"My survival [and growth] is my customers. They walk in, they buy. If it serves them, they give referrals. We have been growing, and we make sure to satisfy our customers."
Early last year, when Echeta's business started showing signs of growth, he travelled back to Nise, his hometown in Awka South Local Government Area of Anambra State, and picked a 20-year-old boy to serve him under an arrangement similar to the one he had served Nweke.
Nweke himself was a product of the apprentice-to-master system now known as the "Igbo apprenticeship system" or Imu-Ahia. It is a communal system invented, developed, practiced, and sustained by traders of Nigeria's Igbo, one of the country's major ethnic groups occupying southeastern Nigeria with an estimated population between 22 and 40 million spread across Enugu, Anambra, Abia, Imo, and Ebonyi states.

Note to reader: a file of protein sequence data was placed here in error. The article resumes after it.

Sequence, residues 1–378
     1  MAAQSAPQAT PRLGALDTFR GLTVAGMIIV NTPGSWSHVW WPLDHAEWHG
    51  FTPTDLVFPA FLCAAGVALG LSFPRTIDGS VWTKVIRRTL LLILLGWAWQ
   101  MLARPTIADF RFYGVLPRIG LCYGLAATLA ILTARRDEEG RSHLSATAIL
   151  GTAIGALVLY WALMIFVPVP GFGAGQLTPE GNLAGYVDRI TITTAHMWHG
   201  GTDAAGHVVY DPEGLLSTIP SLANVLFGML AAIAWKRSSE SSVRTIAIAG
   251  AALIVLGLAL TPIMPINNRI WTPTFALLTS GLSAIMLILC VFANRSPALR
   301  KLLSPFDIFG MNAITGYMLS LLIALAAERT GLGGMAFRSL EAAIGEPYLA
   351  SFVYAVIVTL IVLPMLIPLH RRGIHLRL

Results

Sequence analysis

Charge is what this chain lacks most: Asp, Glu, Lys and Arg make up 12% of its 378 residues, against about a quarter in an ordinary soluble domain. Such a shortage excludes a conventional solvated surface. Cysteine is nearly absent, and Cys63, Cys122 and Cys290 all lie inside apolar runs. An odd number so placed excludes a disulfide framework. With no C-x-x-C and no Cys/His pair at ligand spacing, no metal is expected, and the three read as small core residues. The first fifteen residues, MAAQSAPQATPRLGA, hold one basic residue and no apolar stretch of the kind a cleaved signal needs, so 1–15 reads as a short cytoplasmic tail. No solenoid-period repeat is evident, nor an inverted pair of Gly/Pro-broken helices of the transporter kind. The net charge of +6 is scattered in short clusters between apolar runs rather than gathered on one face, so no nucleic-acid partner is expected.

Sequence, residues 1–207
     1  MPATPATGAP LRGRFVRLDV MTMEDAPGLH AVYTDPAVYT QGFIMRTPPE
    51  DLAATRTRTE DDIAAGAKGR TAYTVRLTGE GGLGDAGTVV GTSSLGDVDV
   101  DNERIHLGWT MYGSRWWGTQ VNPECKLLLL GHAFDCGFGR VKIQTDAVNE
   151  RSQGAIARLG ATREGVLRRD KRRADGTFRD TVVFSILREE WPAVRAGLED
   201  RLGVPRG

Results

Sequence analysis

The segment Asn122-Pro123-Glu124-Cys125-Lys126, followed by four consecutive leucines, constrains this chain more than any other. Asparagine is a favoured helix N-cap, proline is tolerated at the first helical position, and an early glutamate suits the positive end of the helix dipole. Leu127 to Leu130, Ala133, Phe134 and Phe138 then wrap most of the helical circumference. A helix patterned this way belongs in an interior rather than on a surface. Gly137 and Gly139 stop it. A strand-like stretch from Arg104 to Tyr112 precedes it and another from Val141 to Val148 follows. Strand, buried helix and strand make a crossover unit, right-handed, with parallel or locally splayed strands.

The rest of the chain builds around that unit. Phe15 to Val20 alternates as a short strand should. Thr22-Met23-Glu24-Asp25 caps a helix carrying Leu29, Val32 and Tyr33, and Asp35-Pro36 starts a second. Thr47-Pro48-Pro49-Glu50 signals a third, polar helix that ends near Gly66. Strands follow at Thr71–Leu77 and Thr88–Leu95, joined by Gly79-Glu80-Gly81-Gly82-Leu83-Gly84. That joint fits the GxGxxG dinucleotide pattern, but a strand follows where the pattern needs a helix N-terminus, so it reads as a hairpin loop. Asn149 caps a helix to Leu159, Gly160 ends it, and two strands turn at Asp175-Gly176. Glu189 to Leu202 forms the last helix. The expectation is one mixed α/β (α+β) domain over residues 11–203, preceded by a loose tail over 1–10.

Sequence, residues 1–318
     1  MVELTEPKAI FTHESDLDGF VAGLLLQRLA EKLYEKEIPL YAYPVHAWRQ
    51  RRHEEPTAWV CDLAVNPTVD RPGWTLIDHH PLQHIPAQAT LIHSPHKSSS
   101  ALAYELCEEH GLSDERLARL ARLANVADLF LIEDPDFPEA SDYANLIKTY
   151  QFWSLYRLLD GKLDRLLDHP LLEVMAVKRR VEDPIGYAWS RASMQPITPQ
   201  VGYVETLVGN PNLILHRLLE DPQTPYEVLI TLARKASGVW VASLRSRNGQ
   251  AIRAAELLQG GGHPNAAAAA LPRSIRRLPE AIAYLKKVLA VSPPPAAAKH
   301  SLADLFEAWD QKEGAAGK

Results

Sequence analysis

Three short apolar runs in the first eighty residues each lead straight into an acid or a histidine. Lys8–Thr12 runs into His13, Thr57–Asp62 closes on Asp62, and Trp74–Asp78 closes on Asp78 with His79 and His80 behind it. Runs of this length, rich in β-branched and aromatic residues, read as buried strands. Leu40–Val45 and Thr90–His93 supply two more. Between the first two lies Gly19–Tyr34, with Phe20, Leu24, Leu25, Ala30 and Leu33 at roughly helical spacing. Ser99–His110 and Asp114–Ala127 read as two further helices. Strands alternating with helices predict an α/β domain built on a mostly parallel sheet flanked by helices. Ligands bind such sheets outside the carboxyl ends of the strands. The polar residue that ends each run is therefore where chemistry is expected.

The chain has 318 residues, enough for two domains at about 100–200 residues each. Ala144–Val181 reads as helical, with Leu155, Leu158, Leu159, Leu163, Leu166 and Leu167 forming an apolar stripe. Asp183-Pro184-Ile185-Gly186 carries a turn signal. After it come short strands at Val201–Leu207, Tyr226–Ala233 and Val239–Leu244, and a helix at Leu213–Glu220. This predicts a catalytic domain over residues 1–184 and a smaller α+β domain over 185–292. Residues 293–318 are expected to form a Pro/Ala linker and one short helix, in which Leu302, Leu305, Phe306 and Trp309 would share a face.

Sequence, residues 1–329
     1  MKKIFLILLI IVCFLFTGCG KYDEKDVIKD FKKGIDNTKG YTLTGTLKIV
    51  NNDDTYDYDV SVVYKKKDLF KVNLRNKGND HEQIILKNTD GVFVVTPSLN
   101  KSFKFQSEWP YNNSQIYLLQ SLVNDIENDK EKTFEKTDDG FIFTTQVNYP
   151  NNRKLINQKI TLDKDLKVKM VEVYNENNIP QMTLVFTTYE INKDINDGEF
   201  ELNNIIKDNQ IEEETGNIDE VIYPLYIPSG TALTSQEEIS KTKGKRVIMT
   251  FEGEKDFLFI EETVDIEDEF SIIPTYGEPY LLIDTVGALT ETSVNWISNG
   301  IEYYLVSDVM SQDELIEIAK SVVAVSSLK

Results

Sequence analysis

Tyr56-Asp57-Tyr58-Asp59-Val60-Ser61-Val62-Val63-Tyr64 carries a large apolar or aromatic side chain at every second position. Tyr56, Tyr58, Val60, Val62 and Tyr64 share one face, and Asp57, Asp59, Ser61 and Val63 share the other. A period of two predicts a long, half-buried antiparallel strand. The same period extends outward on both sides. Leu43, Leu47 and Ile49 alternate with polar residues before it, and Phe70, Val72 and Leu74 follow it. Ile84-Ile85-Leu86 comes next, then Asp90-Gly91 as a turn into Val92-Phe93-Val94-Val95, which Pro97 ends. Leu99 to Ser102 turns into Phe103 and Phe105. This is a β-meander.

The model has produced many entrepreneurs, including billionaires like Cletus Ibeto, founder of Ibeto Group, a corporation with interest in ICT, petrochemicals, and hospitality; and Innocent Chukwuma, the founder of Nigeria's first automobile assembling and manufacturing plant.
In a nutshell: it is about successful people in business picking up either younger family members or non-relatives – mostly primary and secondary school leavers – to serve them and later set them up in business in return.
How much an apprentice is settled with could be based mainly on how generous the master is and how loyal, committed, and productive the apprentice was.
"The heart of the system depends mainly on who you are, both master and apprentice," said Maduabuchi Adiukwu, a former apprentice who now owns a multi-million naira electronics shop at Alaba International Market in Nigeria's commercial city of Lagos. "If the master is a good person, he treats his apprentice like a brother, and you will flourish."